It’s around lunch time, the Tres Hombres is moored in the marina at Le Marin, Martinique.
We have just crossed the Atlantic ocean, and here we are unloading wine we have brought from France, and some empty barrels to be filled with rum. My job for the morning was the ship’s laundry, and I have just returned with a mountain of fresh sheets. As I hang them up to dry in the carribean sun, my crew mates are milling around, carrying out maintenance on the ship to the sound of some roots reggae. Behind me I hear some French welcomes and a visitor being helped onboard. I turn around to offer a smile and am taken a little aback. She is standing on the wooden deck, gazing at the scene, wiping tears away from her eyes.
When living on this ship it is easy to become a little blind. At sea for the crossing, for almost three weeks the ship, sea and the sky was the whole world. It seemed natural that the hull is made of wood, that the foremast hosts four squaresails, that the bow is adorned with carved oak flames, that there’s no engine. It became normal to spend a moment whilst at the helm to notice a new detail in the intricate, dreamlike wood carving behind my head. The fact we were often travelling at 10 knots in the shade of 16 filled sails made sense.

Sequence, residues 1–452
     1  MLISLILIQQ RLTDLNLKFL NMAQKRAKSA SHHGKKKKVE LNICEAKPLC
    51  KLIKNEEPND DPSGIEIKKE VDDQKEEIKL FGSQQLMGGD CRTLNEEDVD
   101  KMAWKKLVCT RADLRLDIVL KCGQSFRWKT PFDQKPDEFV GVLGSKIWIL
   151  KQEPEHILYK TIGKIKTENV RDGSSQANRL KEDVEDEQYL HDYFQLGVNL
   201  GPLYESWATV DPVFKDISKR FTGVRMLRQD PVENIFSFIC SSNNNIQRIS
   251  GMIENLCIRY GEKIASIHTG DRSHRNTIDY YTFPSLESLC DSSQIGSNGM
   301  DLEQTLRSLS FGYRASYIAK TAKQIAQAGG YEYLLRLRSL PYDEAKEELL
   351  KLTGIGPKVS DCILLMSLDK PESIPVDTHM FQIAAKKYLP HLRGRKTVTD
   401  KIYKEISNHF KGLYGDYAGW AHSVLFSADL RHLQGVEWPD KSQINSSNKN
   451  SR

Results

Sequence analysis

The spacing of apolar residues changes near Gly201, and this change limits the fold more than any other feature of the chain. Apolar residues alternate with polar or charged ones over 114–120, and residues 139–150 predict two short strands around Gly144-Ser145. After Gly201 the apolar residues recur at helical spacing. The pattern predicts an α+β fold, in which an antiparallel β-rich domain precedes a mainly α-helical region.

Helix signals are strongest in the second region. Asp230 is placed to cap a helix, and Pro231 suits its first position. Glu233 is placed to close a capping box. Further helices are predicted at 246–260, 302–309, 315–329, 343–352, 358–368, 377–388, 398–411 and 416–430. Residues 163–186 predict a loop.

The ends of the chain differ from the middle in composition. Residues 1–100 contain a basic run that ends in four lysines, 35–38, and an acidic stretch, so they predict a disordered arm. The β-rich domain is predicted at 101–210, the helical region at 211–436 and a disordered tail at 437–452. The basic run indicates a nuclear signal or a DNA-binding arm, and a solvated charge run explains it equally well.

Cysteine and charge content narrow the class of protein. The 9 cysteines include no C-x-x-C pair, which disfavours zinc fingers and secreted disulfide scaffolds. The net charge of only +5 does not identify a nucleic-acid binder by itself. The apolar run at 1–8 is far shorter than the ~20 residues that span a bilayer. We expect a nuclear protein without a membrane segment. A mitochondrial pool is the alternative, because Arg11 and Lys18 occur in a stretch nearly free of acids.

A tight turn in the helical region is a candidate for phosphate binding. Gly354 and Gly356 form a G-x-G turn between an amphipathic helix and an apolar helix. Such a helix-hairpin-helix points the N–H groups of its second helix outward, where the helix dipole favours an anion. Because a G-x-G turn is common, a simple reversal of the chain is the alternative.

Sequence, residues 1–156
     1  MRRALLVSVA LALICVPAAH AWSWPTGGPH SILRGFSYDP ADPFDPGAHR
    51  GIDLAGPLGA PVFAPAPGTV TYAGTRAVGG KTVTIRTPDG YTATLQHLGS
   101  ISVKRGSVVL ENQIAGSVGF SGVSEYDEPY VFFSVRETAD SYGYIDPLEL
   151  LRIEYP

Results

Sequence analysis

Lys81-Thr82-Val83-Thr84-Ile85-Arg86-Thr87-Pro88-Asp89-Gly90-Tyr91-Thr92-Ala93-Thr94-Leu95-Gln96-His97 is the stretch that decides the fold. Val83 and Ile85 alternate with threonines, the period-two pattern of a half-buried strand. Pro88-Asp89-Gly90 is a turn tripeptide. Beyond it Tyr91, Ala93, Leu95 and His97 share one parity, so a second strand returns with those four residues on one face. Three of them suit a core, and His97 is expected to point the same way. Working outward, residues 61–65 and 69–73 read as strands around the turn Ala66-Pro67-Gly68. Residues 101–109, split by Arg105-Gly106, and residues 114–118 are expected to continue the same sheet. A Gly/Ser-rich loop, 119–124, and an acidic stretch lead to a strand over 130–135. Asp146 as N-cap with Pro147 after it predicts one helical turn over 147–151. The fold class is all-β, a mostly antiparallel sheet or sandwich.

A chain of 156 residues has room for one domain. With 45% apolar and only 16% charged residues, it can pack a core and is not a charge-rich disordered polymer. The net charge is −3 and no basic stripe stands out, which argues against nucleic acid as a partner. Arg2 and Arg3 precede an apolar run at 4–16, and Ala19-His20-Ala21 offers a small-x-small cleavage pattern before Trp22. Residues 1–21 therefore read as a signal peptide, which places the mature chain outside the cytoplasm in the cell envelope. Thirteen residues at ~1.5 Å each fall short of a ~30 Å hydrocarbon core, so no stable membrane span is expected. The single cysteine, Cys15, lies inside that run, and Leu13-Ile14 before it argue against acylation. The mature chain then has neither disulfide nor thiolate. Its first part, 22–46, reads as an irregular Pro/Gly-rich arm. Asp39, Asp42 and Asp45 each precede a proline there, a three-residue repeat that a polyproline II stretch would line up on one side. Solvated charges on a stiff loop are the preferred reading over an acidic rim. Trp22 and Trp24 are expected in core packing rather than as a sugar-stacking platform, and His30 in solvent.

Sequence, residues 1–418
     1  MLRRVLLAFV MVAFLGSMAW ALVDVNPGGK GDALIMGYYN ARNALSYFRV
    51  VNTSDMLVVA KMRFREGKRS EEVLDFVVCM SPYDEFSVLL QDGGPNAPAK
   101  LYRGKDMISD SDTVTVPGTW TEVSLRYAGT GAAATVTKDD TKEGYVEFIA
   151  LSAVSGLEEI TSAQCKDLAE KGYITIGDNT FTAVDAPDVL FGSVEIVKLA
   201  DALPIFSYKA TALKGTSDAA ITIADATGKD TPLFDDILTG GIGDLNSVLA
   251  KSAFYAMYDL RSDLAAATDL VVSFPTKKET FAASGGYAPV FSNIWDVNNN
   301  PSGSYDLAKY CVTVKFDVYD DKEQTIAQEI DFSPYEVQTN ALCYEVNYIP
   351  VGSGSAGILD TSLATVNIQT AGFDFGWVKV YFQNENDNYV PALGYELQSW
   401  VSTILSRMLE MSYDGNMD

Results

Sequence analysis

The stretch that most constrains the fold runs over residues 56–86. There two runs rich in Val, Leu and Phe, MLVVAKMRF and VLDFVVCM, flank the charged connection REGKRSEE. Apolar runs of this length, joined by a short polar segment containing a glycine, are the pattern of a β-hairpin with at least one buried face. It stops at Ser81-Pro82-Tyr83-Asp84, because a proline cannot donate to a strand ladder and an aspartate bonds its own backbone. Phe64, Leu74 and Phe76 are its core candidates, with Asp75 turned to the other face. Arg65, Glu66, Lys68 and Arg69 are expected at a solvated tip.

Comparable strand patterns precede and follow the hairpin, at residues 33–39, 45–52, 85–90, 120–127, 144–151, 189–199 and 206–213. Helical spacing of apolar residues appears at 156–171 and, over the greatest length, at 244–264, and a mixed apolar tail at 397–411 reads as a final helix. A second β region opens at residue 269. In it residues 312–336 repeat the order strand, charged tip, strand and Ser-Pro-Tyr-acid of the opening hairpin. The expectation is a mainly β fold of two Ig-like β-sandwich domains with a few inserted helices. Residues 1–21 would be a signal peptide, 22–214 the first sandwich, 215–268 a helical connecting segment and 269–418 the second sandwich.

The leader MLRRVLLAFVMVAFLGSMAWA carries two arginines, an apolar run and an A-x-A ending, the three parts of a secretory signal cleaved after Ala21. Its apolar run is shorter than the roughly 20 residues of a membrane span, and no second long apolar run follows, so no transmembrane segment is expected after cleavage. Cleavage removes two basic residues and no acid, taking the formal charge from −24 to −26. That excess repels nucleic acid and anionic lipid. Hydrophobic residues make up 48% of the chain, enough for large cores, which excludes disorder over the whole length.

In port however, thanks to our visitors, I was given the gift of seeing the ship again as if for the first time. It reminded me that this boat, its form, its rig, its occupation, its logic are not so commonplace. That the beauty I have been surrounded with since starting to work on the Tres Hombres is not so easily found. The ship emanates the hours of work and love that go into it daily.
It turns out that our visitor had timed her visit very well. Just as she had finished looking around and chatting with some of the crew, others were emptying out the moscatel from one of the barrels, left in there to stop it drying out during the voyage. Together we enjoyed a hearty lunch and a glass of wine from Baiona, as more and more visitors were drawn to this magical ship.